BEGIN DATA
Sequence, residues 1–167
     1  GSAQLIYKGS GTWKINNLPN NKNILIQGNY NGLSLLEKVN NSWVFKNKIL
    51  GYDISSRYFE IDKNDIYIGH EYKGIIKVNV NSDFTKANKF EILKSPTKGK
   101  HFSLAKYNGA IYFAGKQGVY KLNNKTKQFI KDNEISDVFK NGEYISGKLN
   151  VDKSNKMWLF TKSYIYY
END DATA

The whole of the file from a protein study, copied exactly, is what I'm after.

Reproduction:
Sequence, residues 1–167
     1  GSAQLIYKGS GTWKINNLPN NKNILIQGNY NGLSLLEKVN NSWVFKNKIL
    51  GYDISSRYFE IDKNDIYIGH EYKGIIKVNV NSDFTKANKF EILKSPTKGK
   101  HFSLAKYNGA IYFAGKQGVY KLNNKTKQFI KDNEISDVFK NGEYISGKLN
   151  VDKSNKMWLF TKSYIYY